Use this intel to flesh out your martech stack diagram with more specifics about the kinds of tools you need in each category — and how they should work together to meet your teams’ needs. Then draw up a list of the things you need to replace or add to your stack.
Now you’re ready to start researching martech tools to add to your stack. These considerations can help you evaluate how well each option aligns with your strategy:
Implementing any new tool, not to mention an entire martech stack, can represent a significant time investment. Before you dive into a full commitment, do a pilot with each new component. Take advantage of a free trial if that’s an option (or sign up for one month of the service), and put the tool through its paces with a single campaign or initiative. Review the results with your teams to ensure it actually solves the problems you have and gets the results you’re after.
Even with a clear strategy in hand, it’s easy to get off track, both when initially building a martech stack and maintaining it over the long term. A few handy tips to keep in mind:
As of early 2023, there are currently over 10,000 martech companies. And that number is likely to expand; the market grew by 24% between 2020 and 2022 alone! If you’d like to sort through them all as you’re building your martech stack, martechmap.com has a plethora of useful data.
But to help you get started, here are our top picks for martech tools in five key categories.
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Salesforce has been a leader in the CRM space for over two decades, but unlike some early martech tools, it’s more than kept up with the times. Thanks to continuous innovation, it now offers a suite of products that enable cross-functional collaboration across teams of any size.
We set out to build a platform that offers the control and flexibility we value, and we hope we’re not tooting our own horn too much in saying that it’s a darn good solution. A powerful segmentation engine, flexible data integrations, and sophisticated workflow builder empower you to send personalized messages that people actually want to receive.
It’s easy to fall down a rabbit hole with social media scheduling and analytics. Buffer’s all about simplicity: clean interface, straightforward functionality, and a minimal learning curve. It’s got just enough features to enact a sophisticated social strategy and track meaningful metrics without being bogged down by bells and whistles that many marketers won’t really use.
Why is Yoast is the #1 WordPress SEO plugin? We suspect it’s due to a holistic approach to optimization that not only gets customers to your site, but helps keep them there. With automated content suggestions, structured data, and redirect management, you can ensure a better on-site experience with less manual work.
Depending on your product, industry, and business goals, you may need additional categories in your stack. And don’t forget about operational tools; software that’s not specifically devoted to executing marketing strategies is still a crucial part of your ecosystem. A few you might consider:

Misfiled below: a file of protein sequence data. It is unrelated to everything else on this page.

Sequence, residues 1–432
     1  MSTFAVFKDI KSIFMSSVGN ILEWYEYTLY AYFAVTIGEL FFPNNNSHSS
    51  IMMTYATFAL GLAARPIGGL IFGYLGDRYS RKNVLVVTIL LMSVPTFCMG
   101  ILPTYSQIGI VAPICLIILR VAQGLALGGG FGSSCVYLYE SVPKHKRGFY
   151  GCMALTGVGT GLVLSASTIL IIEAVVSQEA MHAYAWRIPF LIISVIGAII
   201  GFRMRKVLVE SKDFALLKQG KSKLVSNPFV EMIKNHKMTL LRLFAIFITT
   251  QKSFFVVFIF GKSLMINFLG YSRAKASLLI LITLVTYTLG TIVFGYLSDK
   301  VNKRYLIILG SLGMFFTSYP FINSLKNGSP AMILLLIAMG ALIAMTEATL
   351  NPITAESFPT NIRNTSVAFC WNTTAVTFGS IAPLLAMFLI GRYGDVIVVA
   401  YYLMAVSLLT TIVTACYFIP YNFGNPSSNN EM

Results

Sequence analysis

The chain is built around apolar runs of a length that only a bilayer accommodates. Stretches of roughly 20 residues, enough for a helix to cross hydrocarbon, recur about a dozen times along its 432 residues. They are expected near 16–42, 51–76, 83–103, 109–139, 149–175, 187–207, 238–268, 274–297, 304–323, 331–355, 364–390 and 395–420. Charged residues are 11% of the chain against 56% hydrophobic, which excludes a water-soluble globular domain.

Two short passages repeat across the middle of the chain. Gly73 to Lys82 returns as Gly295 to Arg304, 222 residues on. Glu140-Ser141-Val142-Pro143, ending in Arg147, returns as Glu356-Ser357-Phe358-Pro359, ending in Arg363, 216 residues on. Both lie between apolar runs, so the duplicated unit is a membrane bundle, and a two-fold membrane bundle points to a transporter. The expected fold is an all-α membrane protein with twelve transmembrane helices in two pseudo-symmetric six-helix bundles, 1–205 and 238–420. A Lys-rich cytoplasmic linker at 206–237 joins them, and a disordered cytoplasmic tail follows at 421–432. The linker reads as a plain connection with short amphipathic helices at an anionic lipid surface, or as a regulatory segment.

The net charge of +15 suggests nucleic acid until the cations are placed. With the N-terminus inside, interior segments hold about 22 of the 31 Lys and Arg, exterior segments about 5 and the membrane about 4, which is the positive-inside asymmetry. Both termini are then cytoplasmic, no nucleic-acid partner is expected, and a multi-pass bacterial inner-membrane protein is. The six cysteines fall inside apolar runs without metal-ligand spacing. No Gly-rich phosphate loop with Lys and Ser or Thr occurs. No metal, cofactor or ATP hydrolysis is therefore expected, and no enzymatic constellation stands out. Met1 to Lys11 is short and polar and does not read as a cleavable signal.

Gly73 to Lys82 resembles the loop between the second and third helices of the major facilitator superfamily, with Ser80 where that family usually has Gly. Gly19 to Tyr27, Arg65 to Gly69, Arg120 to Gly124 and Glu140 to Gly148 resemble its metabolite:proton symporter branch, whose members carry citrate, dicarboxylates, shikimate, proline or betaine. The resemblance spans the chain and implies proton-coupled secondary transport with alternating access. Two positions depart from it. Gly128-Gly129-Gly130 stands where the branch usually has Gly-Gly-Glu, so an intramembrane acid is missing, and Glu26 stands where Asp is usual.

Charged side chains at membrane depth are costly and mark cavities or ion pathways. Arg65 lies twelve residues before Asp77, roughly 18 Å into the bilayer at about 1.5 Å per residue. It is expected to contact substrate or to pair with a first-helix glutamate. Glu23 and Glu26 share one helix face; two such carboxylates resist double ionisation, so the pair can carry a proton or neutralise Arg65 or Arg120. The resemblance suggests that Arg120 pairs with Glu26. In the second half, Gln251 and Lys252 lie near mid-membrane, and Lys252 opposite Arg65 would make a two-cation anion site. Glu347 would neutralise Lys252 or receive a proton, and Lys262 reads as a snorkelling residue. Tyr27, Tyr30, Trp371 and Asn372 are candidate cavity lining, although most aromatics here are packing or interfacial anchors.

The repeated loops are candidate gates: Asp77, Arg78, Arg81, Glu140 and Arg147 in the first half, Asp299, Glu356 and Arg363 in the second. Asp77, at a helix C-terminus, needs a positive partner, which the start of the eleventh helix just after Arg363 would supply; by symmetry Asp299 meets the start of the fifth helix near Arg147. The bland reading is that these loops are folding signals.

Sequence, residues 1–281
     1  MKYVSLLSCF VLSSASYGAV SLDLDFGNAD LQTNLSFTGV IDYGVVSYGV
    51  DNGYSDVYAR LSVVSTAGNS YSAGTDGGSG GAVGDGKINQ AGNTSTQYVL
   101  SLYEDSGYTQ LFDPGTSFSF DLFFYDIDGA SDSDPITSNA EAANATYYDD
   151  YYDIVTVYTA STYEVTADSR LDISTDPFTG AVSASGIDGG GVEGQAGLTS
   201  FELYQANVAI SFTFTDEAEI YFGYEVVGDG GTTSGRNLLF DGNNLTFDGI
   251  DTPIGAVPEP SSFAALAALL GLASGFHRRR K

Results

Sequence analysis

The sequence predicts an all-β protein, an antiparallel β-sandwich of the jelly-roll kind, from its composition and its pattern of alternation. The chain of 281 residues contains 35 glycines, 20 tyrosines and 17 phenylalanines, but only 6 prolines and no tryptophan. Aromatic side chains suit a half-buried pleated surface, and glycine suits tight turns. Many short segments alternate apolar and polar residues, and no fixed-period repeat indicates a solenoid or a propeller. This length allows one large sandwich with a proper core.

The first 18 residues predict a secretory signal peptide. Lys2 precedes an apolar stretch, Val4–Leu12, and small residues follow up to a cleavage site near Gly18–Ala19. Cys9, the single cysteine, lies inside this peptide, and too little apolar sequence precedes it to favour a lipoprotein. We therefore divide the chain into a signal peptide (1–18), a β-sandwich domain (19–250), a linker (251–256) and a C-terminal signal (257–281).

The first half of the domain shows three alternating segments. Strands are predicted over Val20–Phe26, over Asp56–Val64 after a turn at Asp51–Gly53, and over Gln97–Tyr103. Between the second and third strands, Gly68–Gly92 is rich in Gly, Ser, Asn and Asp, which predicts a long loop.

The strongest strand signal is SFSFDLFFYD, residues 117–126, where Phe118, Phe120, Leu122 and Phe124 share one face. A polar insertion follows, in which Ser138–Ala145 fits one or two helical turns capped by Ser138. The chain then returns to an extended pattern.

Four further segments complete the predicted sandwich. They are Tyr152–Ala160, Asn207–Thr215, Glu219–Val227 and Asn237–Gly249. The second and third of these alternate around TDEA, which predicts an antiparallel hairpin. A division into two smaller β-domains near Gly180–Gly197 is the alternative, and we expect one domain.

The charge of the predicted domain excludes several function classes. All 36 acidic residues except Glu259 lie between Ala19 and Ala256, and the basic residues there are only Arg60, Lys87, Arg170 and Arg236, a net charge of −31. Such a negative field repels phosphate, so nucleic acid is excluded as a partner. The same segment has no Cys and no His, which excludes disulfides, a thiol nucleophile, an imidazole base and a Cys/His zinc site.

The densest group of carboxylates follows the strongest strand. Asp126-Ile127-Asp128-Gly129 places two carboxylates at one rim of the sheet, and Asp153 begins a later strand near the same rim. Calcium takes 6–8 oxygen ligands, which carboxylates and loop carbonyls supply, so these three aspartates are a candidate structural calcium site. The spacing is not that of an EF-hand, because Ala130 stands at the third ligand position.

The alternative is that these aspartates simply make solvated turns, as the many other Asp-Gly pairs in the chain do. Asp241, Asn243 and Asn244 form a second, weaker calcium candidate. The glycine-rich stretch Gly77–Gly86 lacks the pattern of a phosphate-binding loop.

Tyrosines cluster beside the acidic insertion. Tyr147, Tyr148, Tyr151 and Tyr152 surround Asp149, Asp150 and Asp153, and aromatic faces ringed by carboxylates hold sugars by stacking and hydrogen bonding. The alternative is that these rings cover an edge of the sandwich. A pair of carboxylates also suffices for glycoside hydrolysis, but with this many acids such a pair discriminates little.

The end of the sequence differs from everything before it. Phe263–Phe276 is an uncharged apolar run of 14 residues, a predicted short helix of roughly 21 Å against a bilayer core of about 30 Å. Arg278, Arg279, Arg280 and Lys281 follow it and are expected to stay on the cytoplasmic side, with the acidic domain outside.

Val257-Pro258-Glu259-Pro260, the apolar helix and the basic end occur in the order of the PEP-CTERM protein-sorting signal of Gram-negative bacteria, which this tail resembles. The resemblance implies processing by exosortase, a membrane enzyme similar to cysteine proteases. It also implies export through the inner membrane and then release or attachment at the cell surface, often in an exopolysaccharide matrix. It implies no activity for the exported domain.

In addition to the five core components of a martech stack, brands need solutions specific to their business and industry. Let’s take a look at how companies in three different industries might build out their ecosystem of tools for their unique needs.
From schools offering online classes to apps that teach new skills, EdTech companies need tools that help them engage learners throughout their journey.
Example company: An (imaginary) online test-prep platform that helps people prepare for vocational and technical certification tests in multiple, catering to individuals as well as companies offering professional development to their employees. A few tools they might want to add to their martech stack:
Bringing in new patients and nurturing long-term relationships with them calls for tools that personalize interactions while maintaining strict HIPAA compliance.
Example company: A (hypothetical) regional dental franchise with seven locations throughout a large metropolitan area. Their goal is to make “dentist appointment” a reason to smile by connecting meaningfully with patients. Some key additions to their martech stack:
When the digital and physical worlds combine, data-driven marketing becomes all the more essential. Ingesting data from customer devices and translating it rapidly into insight enables personalized, real-time communication.
Example company: This one’s the real deal! Mysa is a creator of smart thermostats that help people save energy. Their customers trust them with one of the most important aspects of their lives: the safety and comfort of their homes. Beth Saunders, Mysa’s Data and Analytics Manager, shared four of the company’s favorite martech tools:
At the end of the day, any technology you use is only as good as the strategy behind it. It’s easy to get overwhelmed by the massive number of tools available or beguiled by the latest cool features. So remember that building a martech stack is ultimately about understanding your brand’s entire landscape — your business goals, internal processes, and audience needs — and crafting an integrated ecosystem of tools that support the outcomes that make a difference.